Jaffe refused to pay the bill, and A-1 now seeks payment from Jaffe. Should A-1 prevail? Explain.
A-1 Roofing Co. entered into a written contract with Jaffe to put a new roof on the latter’s residence for $1,800, using a specified type of roofing, and to complete the job without unreasonable delay. A-1 undertook the work within a week thereafter, but when all the roofing material was at the site and the labor 50 percent completed, the premises were totally destroyed by fire caused by lightning. A-1 submitted a bill to Jaffe for $1,200 for materials furnished and labor performed up to the time of the destruction of the premises. Jaffe refused to pay the bill, and A-1 now seeks payment from Jaffe. Should A-1 prevail? Explain.
As a common prevailing rule, the destruction of the job before the execution of the act, if it is contrary to the contract, is going to justify the nonperformance of the contract, if the intended task depends on the continuous life of the product. This rule is applied if the destruction of the performance is unpredictable. This rule is based on the condition of the existence of a specific thing. It is decided by the court whether the restitution is appropriate, from the overhead expenses.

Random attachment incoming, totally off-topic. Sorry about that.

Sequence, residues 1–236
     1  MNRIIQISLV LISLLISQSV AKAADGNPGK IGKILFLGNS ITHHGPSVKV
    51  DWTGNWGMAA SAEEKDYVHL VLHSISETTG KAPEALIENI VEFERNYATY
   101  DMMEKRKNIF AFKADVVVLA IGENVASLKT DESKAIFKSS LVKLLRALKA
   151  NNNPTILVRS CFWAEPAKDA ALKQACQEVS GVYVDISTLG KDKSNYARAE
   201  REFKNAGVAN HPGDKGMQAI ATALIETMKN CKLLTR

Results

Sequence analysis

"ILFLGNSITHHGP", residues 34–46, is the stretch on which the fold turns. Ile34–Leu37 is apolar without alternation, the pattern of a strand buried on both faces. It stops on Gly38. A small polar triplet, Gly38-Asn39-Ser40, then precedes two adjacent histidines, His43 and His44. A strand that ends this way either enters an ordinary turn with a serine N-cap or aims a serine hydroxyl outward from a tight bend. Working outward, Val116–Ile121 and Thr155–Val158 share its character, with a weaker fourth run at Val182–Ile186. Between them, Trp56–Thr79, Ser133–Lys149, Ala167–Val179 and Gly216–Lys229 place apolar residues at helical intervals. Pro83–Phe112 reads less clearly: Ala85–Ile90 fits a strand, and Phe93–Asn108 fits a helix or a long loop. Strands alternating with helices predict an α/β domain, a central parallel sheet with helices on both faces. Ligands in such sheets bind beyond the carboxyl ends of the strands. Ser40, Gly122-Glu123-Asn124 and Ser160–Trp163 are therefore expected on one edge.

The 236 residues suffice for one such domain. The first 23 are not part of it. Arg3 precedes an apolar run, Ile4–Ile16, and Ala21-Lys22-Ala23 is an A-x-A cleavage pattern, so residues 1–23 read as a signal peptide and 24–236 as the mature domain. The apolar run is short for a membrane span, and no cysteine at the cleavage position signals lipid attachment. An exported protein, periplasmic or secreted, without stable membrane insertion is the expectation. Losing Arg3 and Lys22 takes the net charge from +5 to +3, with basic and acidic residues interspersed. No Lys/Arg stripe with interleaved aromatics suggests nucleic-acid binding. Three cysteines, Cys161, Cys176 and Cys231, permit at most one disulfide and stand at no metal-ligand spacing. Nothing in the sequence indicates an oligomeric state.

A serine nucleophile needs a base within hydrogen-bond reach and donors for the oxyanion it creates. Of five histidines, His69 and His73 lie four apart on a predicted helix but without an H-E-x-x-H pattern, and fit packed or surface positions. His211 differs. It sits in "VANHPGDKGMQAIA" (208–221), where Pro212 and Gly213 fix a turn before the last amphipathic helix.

The courts have generally held that when a contract is not feasible to perform because of impossibility or frustration, the parties must then pay for the benefits, which they have gained from the other party. The concept of benefits is extended in such a manner that it also covers the cost spent in performance preparation.
Along with rectifying the unfair benefit at the expense of others, restitution takes care of the fair readjustment of profit and loss beared by the involved parties. The court undertakes readjustment while unreeling a contract that can be employed but not executed.
Yes, Organization A should win the suit. This decision is based on the impossibility of the performance of the task in the contract because of the absence of the continued existence of a specific thing.